The relevance of preclinical studies for the treatment of Parkinson's disease
- Cite this article as:
- Gerlach, M., Foley, P. & Riederer, P. J Neurol (2003) 250(Suppl 1): i31. doi:10.1007/s00415-003-1106-y
- 54 Downloads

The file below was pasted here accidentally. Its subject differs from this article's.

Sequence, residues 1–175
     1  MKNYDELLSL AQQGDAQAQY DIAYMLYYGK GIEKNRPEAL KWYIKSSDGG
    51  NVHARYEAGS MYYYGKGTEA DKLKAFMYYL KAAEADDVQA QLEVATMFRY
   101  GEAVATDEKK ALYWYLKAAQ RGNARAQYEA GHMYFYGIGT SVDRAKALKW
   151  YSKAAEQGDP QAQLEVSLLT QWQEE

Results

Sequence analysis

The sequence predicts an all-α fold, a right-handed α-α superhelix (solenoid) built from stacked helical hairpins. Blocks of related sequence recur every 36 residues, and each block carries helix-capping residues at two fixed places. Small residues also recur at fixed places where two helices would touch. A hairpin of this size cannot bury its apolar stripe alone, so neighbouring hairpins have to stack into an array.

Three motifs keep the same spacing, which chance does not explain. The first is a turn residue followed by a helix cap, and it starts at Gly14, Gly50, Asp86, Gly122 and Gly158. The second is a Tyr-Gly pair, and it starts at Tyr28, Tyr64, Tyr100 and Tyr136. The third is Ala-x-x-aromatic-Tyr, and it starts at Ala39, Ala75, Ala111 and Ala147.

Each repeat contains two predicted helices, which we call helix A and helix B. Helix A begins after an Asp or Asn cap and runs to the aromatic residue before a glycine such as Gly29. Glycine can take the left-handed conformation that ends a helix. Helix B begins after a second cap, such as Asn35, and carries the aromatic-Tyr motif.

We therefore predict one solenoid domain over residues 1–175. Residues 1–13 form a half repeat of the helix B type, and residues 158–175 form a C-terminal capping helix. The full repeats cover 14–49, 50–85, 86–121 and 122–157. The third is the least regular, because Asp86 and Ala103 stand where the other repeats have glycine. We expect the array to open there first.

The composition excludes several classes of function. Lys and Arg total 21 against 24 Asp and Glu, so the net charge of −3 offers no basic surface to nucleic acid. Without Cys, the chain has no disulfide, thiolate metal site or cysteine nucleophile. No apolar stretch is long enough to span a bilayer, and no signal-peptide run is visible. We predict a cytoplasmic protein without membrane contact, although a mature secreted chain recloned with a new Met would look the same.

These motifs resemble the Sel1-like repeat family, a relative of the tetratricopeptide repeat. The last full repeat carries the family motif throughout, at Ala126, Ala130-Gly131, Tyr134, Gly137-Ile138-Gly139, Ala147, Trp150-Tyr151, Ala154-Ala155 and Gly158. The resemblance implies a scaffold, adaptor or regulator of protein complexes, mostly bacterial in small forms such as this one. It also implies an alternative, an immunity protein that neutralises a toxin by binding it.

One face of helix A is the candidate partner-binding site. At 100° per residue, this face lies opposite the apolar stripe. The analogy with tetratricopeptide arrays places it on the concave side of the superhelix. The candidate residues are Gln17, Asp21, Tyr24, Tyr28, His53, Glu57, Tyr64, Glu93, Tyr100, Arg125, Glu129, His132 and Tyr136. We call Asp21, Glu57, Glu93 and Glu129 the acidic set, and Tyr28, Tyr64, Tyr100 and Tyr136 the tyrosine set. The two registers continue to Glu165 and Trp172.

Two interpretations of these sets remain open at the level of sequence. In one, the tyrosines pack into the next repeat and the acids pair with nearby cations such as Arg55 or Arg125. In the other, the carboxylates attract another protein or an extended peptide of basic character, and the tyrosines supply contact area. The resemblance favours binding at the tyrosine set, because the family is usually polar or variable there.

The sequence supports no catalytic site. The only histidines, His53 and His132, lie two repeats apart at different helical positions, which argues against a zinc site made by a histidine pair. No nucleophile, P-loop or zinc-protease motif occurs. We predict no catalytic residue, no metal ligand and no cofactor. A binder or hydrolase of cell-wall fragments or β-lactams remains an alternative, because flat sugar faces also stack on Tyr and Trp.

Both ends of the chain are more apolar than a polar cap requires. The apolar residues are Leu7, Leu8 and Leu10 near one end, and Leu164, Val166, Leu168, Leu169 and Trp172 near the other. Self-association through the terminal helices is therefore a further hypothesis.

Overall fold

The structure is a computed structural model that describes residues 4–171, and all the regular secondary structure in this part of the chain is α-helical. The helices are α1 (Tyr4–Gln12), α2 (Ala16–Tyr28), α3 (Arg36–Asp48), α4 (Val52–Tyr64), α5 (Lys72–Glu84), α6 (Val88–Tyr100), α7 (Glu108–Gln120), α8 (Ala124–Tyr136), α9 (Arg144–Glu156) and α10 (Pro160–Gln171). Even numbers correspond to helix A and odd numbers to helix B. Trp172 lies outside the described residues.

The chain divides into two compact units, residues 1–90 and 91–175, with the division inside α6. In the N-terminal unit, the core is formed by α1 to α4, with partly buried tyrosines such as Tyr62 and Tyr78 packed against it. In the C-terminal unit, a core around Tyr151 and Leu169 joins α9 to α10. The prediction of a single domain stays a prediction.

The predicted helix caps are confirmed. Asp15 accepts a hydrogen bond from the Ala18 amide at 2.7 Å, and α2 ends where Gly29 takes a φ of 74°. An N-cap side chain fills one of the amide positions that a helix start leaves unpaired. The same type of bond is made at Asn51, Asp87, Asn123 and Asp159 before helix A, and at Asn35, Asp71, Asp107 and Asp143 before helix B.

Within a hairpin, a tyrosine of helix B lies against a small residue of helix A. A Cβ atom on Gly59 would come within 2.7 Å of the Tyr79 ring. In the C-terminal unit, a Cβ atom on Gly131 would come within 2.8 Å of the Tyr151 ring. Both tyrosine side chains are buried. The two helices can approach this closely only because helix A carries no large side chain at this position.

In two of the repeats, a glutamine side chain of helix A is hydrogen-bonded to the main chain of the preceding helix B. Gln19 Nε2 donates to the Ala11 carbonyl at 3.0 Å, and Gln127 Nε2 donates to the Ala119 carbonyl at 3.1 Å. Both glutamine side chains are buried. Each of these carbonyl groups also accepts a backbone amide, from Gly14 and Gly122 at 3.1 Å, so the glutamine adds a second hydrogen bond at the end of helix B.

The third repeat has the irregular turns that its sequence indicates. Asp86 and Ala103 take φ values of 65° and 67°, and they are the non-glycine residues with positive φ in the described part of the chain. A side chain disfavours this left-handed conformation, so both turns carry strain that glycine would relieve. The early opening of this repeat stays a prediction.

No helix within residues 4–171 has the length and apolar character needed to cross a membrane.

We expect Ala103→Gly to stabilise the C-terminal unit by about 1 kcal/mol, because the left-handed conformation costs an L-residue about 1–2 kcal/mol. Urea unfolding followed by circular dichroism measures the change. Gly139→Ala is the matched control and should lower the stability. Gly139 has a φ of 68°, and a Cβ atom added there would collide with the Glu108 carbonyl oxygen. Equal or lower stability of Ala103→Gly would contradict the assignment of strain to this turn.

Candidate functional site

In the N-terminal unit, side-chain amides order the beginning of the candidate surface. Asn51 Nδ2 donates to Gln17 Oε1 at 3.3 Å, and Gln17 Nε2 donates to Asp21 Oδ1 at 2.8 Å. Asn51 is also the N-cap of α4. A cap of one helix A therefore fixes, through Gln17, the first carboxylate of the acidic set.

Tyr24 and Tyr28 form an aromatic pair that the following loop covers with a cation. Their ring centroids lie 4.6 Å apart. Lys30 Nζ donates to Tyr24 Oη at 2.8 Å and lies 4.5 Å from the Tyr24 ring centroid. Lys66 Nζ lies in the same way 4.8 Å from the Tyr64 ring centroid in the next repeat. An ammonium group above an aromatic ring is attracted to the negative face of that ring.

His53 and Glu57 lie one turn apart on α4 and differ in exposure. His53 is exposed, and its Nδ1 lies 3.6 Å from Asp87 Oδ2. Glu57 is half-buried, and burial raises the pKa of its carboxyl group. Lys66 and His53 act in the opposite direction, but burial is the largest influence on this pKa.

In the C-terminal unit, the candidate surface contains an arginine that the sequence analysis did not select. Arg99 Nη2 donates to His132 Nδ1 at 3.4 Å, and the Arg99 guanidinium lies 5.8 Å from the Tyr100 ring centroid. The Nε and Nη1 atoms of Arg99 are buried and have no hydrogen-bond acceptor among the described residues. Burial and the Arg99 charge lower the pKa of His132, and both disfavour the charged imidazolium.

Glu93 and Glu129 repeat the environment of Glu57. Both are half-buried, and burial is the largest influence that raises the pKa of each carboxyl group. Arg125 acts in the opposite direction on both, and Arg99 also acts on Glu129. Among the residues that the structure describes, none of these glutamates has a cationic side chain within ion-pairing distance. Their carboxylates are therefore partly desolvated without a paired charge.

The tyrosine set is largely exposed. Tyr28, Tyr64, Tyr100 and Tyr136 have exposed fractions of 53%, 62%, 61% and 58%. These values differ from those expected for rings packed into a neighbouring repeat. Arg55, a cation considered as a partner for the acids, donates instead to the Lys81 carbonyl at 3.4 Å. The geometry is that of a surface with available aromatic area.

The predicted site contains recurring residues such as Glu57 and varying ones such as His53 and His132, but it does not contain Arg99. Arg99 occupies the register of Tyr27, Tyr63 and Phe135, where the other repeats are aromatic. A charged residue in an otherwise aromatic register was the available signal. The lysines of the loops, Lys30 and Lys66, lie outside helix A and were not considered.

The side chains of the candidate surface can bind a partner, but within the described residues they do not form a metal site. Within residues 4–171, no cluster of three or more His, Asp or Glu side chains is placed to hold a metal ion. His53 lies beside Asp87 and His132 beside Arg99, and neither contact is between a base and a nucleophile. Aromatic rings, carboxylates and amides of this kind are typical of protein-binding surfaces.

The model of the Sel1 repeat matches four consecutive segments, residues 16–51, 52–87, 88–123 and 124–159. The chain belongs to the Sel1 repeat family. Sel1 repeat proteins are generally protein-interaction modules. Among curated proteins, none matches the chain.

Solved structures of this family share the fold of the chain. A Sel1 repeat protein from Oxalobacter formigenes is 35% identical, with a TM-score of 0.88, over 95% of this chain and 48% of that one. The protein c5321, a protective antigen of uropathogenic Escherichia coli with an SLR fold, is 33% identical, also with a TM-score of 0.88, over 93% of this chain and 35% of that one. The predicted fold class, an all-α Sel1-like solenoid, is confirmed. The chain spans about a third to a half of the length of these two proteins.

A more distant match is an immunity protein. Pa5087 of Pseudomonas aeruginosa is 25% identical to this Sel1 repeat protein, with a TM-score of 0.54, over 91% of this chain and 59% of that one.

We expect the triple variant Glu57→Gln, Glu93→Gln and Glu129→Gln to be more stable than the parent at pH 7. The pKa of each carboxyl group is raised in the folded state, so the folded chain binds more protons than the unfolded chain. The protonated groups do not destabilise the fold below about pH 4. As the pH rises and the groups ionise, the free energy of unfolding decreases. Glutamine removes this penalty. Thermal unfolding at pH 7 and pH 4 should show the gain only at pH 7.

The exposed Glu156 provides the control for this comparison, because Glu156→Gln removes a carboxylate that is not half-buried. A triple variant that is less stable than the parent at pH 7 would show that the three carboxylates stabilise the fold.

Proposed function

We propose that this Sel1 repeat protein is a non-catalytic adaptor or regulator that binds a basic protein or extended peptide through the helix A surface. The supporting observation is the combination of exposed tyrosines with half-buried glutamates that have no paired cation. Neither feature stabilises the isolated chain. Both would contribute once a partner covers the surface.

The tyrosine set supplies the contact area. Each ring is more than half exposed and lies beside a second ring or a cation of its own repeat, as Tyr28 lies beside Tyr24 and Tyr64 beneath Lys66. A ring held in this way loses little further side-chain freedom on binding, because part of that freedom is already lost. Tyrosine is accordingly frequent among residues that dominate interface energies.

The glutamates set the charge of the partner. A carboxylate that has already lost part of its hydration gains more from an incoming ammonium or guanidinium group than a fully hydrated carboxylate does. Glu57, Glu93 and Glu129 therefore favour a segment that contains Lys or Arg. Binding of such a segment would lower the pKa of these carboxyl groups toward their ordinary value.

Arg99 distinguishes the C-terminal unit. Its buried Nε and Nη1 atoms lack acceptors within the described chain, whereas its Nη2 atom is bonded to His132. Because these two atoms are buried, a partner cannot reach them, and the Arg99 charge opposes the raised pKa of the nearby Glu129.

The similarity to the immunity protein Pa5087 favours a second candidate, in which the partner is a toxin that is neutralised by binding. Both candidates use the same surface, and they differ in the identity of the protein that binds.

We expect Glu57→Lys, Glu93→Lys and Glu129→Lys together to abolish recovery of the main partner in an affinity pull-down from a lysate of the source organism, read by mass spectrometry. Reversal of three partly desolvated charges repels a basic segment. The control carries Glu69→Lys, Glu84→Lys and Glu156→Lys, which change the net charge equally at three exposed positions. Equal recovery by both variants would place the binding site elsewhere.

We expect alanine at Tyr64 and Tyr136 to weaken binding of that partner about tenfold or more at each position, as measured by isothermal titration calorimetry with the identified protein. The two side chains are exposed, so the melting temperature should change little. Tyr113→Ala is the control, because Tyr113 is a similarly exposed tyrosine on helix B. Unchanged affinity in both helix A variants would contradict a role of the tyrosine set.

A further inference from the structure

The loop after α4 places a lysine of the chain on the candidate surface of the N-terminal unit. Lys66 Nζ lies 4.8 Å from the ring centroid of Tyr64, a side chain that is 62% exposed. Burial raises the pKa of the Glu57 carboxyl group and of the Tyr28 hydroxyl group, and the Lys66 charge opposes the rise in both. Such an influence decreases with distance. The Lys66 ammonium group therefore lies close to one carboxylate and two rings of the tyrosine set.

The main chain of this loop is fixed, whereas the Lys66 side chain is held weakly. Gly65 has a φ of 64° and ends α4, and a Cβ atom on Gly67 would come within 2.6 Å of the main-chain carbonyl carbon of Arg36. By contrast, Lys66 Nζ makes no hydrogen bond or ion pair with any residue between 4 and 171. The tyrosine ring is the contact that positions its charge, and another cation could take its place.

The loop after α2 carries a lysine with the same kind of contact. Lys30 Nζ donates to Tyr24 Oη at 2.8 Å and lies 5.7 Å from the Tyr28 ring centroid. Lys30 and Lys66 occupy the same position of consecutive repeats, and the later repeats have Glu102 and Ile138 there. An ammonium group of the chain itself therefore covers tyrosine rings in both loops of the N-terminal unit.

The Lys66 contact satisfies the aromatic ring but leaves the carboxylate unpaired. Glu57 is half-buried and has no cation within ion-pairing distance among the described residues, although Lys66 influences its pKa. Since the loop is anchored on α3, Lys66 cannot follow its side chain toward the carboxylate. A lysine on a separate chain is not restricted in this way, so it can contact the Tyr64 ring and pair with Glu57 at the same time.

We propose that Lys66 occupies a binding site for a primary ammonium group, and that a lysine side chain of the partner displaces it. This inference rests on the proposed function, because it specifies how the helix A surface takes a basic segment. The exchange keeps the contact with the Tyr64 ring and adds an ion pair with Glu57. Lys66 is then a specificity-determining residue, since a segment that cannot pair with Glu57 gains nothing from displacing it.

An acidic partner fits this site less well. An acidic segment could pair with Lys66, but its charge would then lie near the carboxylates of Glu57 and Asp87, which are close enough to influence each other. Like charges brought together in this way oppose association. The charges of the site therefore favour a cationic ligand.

An essential element of pharmaceutical development, defined as the period between the discovery of a new agent and its market release, is provided by the “preclinical studies”. They consist of the in vitro and in vivo studies performed before examination of the agent in human subjects. Regulatory authorities prescribe specific requirements regarding the nature and number of preclinical studies. In the present paper, we discuss the relevance of these studies for the treatment of Parkinson's disease (PD) on the basis of three examples: the L-DOPA (L-3,4-dihydroxyphenylalanine, levodopa) story; the development of selegiline as a palliative and neuroprotective drug; and the safety concerns regarding tolcapone, an inhibitor of central and peripheral catechol-O-methyltransferase (COMT).